by David Sisler

The little boy, like little boys everywhere, wanted a pet. He decided that in the scheme of things, his life was incomplete without the presence of a cat he could call his own. So he presented a time-worn, and experimentally proven, argument. "I promise I'll take care of it. I'll feed it. I'll change the liter box," he said.

And like mothers everywhere, she believed him. At least she relented, worn down by his continual pleas.

Several weeks went by and all was well. Then came the fateful day when the boy's mother said, "Son, empty your cat's liter box," and the boy answered, "I can't. I'm too little."

The next day the boy wanted to go down the street, by himself, and play with a friend.

"You can't go by yourself," his mother said. "You are too little."

"No!" he protested. "I'm a big boy!"

Like that little guy, we all want to have it both ways: take frequent days off, but still have plenty of money; eat everything in sight and still wear size 34 trousers; be couch potatoes and still have abs of steel; live like hell and still go to heaven.

Life is sacred, we say, but some of us insist we must have abortion on demand. To have abortion on demand, life cannot be sacred. If life is not sacred then we are hypocrites when we worry about euthanasia, suicide, and teenagers who drive the wrong way on interstate highways while under the influence of alcohol until they smash into an oncoming car and kill three innocent people. You cannot have it both ways.

We want to balance the Federal government's budget. Instead of prudently and carefully reducing spending, eliminating pet projects and countless barrels of pork, we look for ways to keep spending. In order to maintain the status quo and at the same time balance the budget, one of the schemes currently in use allows surplus funds from Social Security to be diverted into budget balancing. But in a few years, we are told, the surplus will run out and Social Security will have to compete with other budget categories for funding. That's called trying to have it both ways.

The good folks in South Carolina seem to have trouble making up their minds at least the people in the state government, that is. Last year the state's House of Representatives voted to ban video poker, but like-minded Senators could not stop a filibuster on their side. Governor Jim Hodges says he has a plan for regulating the industry that contributed heavily to his election campaign, but has been slow to release his plan to the House Ways and Means Committee. Committee Chairman Henry Brown seems to have a plan to deal with the gambling industry, but with the video poker industry marking the deck, you can almost count on a misdeal on any real regulation.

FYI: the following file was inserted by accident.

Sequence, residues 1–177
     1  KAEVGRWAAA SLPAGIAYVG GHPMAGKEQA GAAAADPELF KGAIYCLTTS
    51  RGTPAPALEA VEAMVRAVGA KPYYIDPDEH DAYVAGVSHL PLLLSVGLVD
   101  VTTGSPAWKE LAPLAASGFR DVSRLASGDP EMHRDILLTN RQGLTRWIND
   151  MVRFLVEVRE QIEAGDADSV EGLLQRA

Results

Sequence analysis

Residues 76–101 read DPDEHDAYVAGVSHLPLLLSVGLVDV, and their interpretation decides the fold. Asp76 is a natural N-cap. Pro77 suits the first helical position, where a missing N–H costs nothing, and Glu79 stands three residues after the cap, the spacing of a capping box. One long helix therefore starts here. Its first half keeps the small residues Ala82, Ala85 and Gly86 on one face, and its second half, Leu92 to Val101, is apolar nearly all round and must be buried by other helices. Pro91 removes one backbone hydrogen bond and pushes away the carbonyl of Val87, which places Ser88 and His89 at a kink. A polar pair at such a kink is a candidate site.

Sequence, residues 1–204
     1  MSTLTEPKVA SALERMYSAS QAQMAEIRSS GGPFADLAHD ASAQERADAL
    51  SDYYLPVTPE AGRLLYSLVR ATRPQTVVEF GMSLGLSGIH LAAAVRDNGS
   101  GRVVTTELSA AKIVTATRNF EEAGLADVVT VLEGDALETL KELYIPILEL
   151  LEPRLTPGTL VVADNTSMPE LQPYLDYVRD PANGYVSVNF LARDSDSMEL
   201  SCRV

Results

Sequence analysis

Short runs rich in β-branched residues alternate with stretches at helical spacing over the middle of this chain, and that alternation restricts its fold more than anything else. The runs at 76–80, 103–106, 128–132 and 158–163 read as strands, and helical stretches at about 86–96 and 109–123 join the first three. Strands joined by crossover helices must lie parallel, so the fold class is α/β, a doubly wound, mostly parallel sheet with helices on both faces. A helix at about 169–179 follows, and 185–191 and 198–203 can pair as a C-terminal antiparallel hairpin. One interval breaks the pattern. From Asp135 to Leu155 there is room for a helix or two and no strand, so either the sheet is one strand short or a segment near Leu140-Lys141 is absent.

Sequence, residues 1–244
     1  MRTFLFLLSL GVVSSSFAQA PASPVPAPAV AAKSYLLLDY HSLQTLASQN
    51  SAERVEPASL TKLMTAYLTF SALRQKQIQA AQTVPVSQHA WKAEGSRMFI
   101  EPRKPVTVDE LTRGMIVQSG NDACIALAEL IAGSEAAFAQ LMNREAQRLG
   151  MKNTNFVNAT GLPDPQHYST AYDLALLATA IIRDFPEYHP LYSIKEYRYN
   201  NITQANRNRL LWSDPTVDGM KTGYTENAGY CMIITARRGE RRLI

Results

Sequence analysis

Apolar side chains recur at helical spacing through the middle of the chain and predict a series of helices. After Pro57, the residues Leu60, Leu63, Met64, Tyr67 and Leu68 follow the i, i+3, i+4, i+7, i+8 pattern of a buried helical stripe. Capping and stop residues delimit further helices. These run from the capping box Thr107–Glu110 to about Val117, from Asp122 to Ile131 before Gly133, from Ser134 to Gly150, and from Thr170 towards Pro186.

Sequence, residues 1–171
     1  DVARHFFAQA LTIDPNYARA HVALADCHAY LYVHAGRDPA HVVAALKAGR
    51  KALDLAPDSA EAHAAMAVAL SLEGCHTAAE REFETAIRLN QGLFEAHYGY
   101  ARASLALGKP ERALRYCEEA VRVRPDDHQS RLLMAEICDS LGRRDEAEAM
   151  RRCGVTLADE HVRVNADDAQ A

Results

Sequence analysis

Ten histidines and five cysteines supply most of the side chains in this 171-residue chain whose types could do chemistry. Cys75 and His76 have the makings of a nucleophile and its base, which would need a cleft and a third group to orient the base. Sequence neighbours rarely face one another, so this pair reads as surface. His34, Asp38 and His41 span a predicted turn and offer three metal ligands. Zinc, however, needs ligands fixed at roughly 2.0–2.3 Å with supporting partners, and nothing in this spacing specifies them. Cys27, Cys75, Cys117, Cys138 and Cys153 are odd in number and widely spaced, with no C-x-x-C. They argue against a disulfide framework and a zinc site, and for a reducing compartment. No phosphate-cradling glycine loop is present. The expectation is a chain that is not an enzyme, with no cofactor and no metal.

As South Carolina continues to go both ways on gambling, Annie Harrison of Aiken was enjoying a good night at the machines. The self-described video poker addict finished her daily five hour stint and carried $700 in winnings home from the Y-Z Kwik Shop. Her good fortune did not go unnoticed. Three masked bandits entered her house and helped themselves to her ill-gotten booty. Ah, the good that gambling brings to the community! That's what comes from having it both ways.

"Baby Blues" is one of the brightest of the daily comic strips. Written by Jerry Scott and drawn by Rick Kirkman, it follows the daily antics of Darryl MacPherson, his wife, the former Wanda Wizowski, and their two children, three-year-old Zoe and seven-month-old Hamish. In a recent strip, Wanda tells the kids, "Well, I'm off to start dinner. You two have fun and behave yourselves." Zoe looks quizzically at Hammie and then shouts, "Make up your mind!"

It is not as easy as it may sound, especially as it is bellowed from the lips of a child, but most of us waver, notably in respect to eternal things. One day God's prophet, Elijah, called Israel to a summit meeting and challenged, "How long will you dance back and forth between God and Baal, hopping around, divided in your minds? If the Phoenician deity, in whom you seem to have placed so much trust, is God, then follow him. But if Jehovah is the Lord God Almighty, the Supreme God above all, then keep your balance, fall into line behind him and follow in his steps!"

You cannot live life neutrally. You cannot have it both ways. The Lord is God, and what is right may never be popular, but it is still right. Make up your mind.


Published in the Augusta Chronicle 3/6/99

Copyright 1999 by David Sisler. All Rights Reserved.

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